Despite economic growth, Ethiopia still has some of the highest rates in the world of undernutrition among children under the age of five.
Multidimensional poverty and food insecurity, lack of access to safe and clean water, poor sanitation conditions and facilities, and unsafe hygiene practices continue to be major challenges to overcoming malnutrition in the country. Climate change is contributing to this, with severe droughts and floods affecting agricultural production and access to clean water. Structural injustice and gender disparities also play a significant role as women and other most vulnerable groups are facing challenges that affects their decision-making power on resource management and utilisation.
Children living in rural areas are 1.5 to two times more likely to be stunted compared to those living in urban centers. Similar trends are seen in areas where women’s educational status is lowest, disadvantaging them in terms of access to basic healthcare, water, sanitation and hygiene services as well as health related information. According to the 2019 UNICEF vulnerability analysis report for Ethiopia, an estimate of multidimensional poverty in the country found that 88% of children are deprived of at least three basic services including health and WASH.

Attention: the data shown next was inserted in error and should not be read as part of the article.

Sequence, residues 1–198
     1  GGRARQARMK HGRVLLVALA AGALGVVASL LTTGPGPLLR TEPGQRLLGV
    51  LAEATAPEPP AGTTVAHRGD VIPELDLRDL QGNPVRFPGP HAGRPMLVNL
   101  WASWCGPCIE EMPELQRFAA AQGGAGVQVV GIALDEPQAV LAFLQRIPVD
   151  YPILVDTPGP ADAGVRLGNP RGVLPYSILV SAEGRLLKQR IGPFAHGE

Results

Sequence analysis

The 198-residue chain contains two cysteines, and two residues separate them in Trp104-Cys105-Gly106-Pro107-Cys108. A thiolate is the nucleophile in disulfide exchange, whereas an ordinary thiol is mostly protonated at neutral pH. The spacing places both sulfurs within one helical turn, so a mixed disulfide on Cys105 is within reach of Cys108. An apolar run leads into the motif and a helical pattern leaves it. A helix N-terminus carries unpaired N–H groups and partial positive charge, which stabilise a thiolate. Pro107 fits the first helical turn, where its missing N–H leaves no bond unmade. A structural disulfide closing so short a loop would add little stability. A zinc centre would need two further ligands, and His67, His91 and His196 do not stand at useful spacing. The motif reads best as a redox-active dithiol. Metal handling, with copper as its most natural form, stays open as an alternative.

In 2015, the Government of Ethiopia launched the Seqota Declaration, in which a bold commitment to end malnutrition by 2030 was declared. In this policy environment, nutrition and WASH are approached as a multisectoral issue that requires strategic geographical focus, interventions in all relevant sectors, commitment and support from all Ministries, and a joint plan that is 'owned by all'.
Despite positive policies and ongoing efforts to curb existing nutrition and WASH related issues, Right2Grow observe gaps in policy implementation and a lack of effective coordination mechanisms among government institutions as well as between government institutions, civil society, and the private sector.
Lobby and advocacy
There is also a need to strengthen nutrition and WASH leadership linkages at different levels and understanding of nutrition-sensitive WASH interventions, as well as transparency on budgeting and expenditures within the sectors. By taking the challenges in nutrition and WASH in Ethiopia into account, Right2Grow is strategically designed to strengthen existing efforts and multisectoral platforms of lobby and advocacy involving stakeholders at all levels.